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The Power of Twitter is a Curious Thing: Why You Should Start Tweeting

By Joe Middleton, Lead Physiotherapist, Weston General Hospital

A couple of years ago, I undertook a postgraduate diploma in healthcare leadership, during which I met someone who introduced herself as ‘the twitter nurse’. She told me her name first of course (it was Teresa), but it was the ‘twitter nurse’ bit that got me interested.

My initial reaction was somewhere between disbelief and amusement. I knew what twitter was about; funny cats, celebrities and, well, not much else. I also knew for certain, that twitter did not need a nurse!

How. Wrong. I. Was.

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Out of curiosity I dusted off my twitter account that I had created and forgotten about, and looked up the community that Teresa was curating; @wenurses. What I found was a diverse, busy, and welcoming community of healthcare professionals. I soon found my way to the @physiotalk community and that was things really started to get interesting. It was like walking through the closet into Narnia, but instead of fantastical creatures, I found a whole host of enthusiastic and passionate therapists sharing resources, discussing the latest evidence, and challenging each other, all without any visible hierarchy. I was hooked.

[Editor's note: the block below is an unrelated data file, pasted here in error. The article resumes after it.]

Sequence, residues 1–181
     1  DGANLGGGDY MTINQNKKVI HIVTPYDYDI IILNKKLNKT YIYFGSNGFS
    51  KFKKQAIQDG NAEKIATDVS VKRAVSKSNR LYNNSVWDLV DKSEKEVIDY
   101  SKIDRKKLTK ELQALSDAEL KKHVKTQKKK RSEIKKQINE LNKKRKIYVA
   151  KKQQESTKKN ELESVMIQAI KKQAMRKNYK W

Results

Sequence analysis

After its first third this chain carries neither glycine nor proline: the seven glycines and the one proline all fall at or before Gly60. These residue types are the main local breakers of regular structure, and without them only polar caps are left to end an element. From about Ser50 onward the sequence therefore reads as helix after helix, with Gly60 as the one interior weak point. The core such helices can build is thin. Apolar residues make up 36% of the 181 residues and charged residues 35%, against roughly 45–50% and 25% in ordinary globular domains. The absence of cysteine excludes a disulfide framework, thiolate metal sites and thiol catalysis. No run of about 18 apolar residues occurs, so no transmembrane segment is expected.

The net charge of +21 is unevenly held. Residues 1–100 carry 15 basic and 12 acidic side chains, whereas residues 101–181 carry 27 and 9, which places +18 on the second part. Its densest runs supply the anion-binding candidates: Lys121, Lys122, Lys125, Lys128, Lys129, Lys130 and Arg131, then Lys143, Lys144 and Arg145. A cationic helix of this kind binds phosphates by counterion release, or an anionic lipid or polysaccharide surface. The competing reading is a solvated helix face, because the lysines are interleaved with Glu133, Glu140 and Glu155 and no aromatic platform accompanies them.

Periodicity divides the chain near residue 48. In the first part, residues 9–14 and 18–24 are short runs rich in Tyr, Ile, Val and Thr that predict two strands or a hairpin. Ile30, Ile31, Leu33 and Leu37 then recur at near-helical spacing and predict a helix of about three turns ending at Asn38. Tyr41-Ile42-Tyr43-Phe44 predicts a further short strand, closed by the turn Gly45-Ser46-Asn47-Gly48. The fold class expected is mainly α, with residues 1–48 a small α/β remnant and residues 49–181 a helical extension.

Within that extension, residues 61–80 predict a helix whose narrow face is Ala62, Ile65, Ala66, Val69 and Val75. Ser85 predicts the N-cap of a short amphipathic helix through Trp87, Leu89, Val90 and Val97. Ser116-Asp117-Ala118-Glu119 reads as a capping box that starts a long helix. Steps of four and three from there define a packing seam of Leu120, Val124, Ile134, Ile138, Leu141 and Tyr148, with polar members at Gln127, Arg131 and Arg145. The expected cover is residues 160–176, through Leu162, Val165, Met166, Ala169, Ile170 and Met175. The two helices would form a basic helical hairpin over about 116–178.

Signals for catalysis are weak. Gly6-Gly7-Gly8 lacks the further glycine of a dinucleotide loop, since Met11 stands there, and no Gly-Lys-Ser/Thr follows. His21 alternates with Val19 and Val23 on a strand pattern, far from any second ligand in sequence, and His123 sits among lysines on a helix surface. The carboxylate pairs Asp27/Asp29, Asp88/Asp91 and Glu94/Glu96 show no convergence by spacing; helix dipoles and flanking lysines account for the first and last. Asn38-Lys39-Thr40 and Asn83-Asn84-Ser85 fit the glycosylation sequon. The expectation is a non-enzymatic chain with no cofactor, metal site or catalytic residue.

Using twitter openly as a healthcare professional is very different to using it on a personal level. What you tweet is potentially visible to the world, so it is important to be mindful of what and how you tweet. Helpfully, the HCPC and the CSP have produced guidance on using social media, but generally a good rule of thumb is; would your mum/dad/grandparents approve of this tweet?

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That being said, in relation to the number of healthcare professionals on twitter, there are few incidents of people getting into trouble. Ultimately, if you tweet responsibly then twitter’s treasures are yours for the taking. And what treasures they are….

Twitter gives you access to more like-minded people than you could possibly ever meet in person, all via your own phone/tablet/computer. And they are all there waiting to be interacted with… this is social media after all. By being out there and being active on twitter, you will start to build a reputation and with that reputation you will start to attract new contacts who will, in turn, present you with new experiences and opportunities. For example, you might discover other therapists in the same field as you with whom you start working to raise of the profile of your speciality. Or you might find yourself getting offers of a phone call and career advice from very senior healthcare leaders. You may even get a new job out of it!

Your growing network doesn’t just have the potential to create new opportunities for you. If you follow and interact with a range of individuals (and avoid confirmation bias), you will find your professional horizons broadened beyond measure. I’ve learnt more about musculoskeletal physiotherapy in the past year than I have in the preceding nine years since I qualified, including that I was taught lots of myths at University! I’ve also learnt more about healthcare policy, education and governance than I could have ever done were I not on twitter. This is because twitter gives you ringside seat for the conversations being held between the key organisations and the experts in their field. But it doesn’t stop there, because if you want to, twitter gives you the opportunity to climb into the ring and become part of that conversation yourself.